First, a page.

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It’s hard to imagine the self-reflexive likes of Curb Your Enthusiasm, 30 Rock, The Office, Arrested Development or Entourage existing without The Larry Sanders Show.

While there’s never a particularly good time to have someone inform you, “I saw your balls,” hearing it from legendary comedienne Carol Burnett while you’re in the midst of hosting a TV talk show is the sort of thing that showbiz nightmares are made of. It’s also the sort of squirm-inducing hilarity that lurks at the flopsweat-soaked heart of The Larry Sanders Show.

If you missed much of The Larry Sanders Show’s original run—from August 1992 to May 1998—you are not alone. Such were the perils of being an HBO series in the dark days before The Sopranos, The Wire and Curb Your Enthusiasm massively boosted the premium cable channel’s subscription base. As a result, the show never managed to transcend its “cult” status, despite winning 24 major awards (including three Primetime Emmys) during its lifetime.

Still, the passage of time hasn’t diminished its biting satire. Inspired by Shandling’s experiences as a guest host on The Tonight Show during the Johnny Carson era, The Larry Sanders Show offers Shandling’s look at life on and off the set of a late-night TV talk show. And knowing what we know now about the cut-throat insanity of the late-night TV wars, the show’s main characters—neurotic and insecure talk show host Larry Sanders (played by Garry Shandling), his dimwitted and desperate sidekick Hank Kingsley (Jeffrey Tambor) and his ebullient and manipulative producer Artie (Rip Torn)—seem even more real than they did when the series first ran.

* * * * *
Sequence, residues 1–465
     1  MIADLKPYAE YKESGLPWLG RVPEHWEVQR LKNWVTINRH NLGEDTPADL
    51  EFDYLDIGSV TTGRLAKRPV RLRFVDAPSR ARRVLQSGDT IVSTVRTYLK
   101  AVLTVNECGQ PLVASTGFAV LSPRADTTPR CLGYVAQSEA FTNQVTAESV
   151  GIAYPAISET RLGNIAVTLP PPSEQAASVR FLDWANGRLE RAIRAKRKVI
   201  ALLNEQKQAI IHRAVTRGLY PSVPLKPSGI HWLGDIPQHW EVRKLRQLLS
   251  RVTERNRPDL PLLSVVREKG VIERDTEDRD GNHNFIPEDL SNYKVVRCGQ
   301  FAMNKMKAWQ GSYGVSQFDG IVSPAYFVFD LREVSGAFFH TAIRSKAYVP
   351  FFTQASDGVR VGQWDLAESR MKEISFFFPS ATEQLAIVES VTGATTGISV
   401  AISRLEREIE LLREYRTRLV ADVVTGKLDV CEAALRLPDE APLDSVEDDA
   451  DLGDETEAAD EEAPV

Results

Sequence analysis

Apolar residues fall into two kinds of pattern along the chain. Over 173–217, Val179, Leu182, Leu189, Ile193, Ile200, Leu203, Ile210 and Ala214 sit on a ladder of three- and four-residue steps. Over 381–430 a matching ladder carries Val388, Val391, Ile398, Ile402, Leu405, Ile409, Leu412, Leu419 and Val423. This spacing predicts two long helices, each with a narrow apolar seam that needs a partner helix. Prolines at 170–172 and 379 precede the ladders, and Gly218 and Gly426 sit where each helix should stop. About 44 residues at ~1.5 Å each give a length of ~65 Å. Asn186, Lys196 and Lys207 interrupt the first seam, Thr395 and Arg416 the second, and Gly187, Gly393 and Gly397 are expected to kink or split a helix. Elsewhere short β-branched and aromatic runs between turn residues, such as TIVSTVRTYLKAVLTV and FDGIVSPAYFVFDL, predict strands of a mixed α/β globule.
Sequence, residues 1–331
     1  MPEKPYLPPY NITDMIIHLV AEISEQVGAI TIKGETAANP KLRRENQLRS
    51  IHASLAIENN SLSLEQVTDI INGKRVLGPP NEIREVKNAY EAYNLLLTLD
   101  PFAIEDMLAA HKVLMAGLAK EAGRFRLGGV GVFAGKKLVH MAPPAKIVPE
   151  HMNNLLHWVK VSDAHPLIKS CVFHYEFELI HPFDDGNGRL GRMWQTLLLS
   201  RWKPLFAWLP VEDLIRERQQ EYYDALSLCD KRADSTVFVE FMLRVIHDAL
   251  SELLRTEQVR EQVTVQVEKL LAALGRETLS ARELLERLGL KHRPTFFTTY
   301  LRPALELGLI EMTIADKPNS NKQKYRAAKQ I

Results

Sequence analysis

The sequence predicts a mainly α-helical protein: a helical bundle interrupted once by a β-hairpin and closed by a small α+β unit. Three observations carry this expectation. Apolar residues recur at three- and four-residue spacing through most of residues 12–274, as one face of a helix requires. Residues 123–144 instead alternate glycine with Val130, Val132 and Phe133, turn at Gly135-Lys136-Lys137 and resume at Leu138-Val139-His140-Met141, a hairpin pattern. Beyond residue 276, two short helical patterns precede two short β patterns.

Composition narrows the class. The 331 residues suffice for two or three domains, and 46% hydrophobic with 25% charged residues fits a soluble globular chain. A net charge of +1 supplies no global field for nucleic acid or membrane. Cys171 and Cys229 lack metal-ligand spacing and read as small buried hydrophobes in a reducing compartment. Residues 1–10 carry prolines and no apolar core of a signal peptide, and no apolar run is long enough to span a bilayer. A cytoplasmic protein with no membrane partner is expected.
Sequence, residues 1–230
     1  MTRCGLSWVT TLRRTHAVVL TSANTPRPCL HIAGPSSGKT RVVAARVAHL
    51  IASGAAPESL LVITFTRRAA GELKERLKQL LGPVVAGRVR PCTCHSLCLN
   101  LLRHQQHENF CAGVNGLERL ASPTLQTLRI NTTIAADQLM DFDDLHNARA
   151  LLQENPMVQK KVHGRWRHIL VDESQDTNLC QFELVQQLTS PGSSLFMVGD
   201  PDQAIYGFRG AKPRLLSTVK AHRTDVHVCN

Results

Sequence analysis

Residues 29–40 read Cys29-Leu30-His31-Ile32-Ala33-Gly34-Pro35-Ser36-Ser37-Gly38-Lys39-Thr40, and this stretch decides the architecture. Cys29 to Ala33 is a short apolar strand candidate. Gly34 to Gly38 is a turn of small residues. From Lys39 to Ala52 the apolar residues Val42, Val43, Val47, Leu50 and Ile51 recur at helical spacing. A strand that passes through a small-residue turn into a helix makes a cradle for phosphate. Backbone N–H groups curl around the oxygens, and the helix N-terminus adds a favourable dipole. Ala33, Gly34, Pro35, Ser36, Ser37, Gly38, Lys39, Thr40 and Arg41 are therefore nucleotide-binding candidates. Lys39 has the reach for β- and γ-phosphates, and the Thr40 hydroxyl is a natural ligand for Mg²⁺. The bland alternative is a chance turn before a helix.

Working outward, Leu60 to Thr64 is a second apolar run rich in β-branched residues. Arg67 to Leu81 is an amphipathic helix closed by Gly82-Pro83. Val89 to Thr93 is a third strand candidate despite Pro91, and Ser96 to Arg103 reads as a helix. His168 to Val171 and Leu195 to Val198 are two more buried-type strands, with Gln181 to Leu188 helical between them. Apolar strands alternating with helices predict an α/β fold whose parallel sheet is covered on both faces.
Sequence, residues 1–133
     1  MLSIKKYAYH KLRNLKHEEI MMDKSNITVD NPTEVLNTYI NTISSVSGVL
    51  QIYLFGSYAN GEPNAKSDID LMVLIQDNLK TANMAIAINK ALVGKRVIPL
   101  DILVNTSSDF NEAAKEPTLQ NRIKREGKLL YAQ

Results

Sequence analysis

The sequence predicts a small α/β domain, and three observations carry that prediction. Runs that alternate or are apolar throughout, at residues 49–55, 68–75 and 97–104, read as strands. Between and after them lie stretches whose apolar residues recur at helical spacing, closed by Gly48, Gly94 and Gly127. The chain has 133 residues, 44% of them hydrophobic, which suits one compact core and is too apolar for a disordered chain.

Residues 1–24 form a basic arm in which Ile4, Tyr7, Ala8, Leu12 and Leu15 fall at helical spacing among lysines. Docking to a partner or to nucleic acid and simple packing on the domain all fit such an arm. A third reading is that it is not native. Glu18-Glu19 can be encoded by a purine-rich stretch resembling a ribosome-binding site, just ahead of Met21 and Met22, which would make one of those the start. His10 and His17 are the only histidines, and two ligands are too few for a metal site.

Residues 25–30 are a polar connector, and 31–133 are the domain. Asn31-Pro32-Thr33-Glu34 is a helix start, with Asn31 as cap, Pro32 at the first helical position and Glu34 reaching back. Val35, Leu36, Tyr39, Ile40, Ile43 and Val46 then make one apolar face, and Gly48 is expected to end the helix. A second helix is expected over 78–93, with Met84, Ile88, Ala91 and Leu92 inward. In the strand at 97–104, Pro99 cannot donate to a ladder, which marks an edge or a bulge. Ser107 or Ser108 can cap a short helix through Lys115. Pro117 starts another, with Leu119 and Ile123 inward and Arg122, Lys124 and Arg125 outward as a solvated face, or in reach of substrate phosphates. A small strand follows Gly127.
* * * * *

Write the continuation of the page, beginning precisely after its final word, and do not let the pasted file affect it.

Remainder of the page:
If you’ve never seen the show, here are three scenes to get you started:

In “The Spiders,” a classic episode from the show’s first season, Artie cajoles Larry into doing a live bit with the poisonous spiders from the horror film Arachnophobia; then, when Larry’s own arachnophobia gets the better of him, Artie artfully convinces Hank (who’s as desperate for time in the spotlight as he is for even the tiniest grain of positive reinforcement) to take over the segment despite its possible dangers.

Shandling’s character was married during the first season, but The Larry Sanders Show moved to an even more cringe-tastic plateau once the breakup of Larry’s marriage allowed the series’ writers to place Larry (and his neuroses) in a variety of deeply uncomfortable dating situations. “The Mr. Sharon Stone Show,” an episode from the third season, is one of the most memorable examples, with Larry agonizing endlessly over his barely-nascent relationship with Sharon Stone because he can’t handle dating someone who’s more famous than he is.

Not surprisingly, Larry is even less comfortable with attention from famous men. In Season Five’s “Everybody Loves Larry,” rumblings that guest host Jon Stewart is being groomed by the network to take over the show don’t freak him out nearly as much as the raging man-crush David Duchovny appears to have on him.

Frankly, it’s hard to imagine the self-reflexive likes of Curb, 30 Rock, The Office, Arrested Development or Entourage existing without The Larry Sanders Show (whose writing staff included a young Judd Apatow) having first paved the neurotic way.

Like those series, the more you watch The Larry Sanders Show, the more the characters’ individual and collective dysfunctions reveal themselves—and with Sanders the deeper you go into their darkness, the funnier the show becomes.


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